Posts tagged Mad Men

Lived-in

People have been watching Perry Mason for decades.  I’m sure they’ve felt many things as they watched.  Probably most common was admiration for a legal system that doesn’t exist.  A brief stint in law school cured me of any delusion that Perry Mason represented actual lawyering.

But it doesn’t really matter.  I was too busy envying Perry and the rest of them to rhapsodize about the legal system.  All the men were decked out in suits.  They weren’t particularly handsome.  None of them would be mistaken for Don Draper.  Some were taller, some were shorter.  Some thinner, others heavier.  But they all wore suits.  They had shirts with double cuffs and links.  They all had neckties.  They all wore a handkerchief in their breast pocket.  

I was green with envy.  I can do all of those things.  I do all of those things.  I have several suits.  I have shirts with french cuffs; I have cuff links.  I have handkerchiefs.  I have white cotton that can be had for less than a dollar apiece.  I have silk in burgundy and navy with white polka dots.  And other patterns and colors.  I have dozens, if not hundreds, of ties.  I can wear any of these any time I want.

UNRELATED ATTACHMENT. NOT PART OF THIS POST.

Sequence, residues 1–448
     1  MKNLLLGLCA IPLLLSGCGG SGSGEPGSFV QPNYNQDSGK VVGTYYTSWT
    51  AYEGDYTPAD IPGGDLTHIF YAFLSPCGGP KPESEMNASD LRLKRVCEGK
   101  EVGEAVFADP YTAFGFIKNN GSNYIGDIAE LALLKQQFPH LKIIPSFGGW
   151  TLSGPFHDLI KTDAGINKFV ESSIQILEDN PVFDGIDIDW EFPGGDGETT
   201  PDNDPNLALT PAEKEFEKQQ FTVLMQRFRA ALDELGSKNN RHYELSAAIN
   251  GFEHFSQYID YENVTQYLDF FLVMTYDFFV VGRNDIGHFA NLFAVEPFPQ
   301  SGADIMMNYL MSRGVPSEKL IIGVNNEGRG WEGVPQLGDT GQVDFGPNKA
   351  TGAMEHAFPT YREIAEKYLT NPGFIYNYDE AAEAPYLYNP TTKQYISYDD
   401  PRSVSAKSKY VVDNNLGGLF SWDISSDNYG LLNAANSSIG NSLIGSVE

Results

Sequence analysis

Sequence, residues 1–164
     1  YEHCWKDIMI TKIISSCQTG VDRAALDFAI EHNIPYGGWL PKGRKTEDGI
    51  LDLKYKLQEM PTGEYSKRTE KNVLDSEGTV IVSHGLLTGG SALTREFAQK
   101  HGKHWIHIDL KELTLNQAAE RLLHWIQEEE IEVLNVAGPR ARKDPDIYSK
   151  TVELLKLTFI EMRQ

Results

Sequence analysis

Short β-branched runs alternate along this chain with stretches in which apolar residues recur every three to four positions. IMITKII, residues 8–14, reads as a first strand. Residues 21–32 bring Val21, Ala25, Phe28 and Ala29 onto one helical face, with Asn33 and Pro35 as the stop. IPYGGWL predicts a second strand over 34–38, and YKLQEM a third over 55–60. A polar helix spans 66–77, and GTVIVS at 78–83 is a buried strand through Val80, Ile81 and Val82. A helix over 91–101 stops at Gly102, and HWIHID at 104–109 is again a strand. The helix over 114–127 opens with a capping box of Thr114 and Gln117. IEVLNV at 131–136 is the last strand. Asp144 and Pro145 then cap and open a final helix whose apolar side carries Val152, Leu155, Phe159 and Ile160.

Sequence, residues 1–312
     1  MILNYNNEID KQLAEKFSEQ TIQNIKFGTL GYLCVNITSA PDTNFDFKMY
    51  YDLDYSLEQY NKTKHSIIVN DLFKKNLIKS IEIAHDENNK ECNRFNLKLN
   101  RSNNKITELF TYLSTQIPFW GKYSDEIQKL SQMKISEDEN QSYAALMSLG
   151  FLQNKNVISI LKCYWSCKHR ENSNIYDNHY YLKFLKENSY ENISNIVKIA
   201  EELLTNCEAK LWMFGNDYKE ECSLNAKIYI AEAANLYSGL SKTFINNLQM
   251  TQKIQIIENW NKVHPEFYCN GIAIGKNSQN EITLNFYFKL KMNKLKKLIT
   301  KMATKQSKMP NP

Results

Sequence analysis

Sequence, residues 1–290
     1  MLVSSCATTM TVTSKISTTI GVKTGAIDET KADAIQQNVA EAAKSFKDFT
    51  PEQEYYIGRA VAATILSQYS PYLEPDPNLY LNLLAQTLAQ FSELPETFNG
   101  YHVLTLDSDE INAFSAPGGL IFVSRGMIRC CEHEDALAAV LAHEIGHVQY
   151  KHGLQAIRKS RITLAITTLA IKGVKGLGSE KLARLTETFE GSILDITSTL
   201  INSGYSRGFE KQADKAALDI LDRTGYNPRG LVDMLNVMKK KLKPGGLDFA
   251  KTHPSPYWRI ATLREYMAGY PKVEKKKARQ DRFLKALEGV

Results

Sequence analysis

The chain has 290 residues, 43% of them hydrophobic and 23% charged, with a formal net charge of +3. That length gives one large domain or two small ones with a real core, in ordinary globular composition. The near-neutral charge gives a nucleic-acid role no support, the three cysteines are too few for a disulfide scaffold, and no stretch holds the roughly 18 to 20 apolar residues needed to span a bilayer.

But I can’t do what Perry Mason, and all the men on his show, did.  And I envy the bastards.  Every one of them in a suit.  As a matter of course.  No one saying how well they dress.  No one even noticing, really.  They just go about their business, fanciful though it was, in a suit and tie.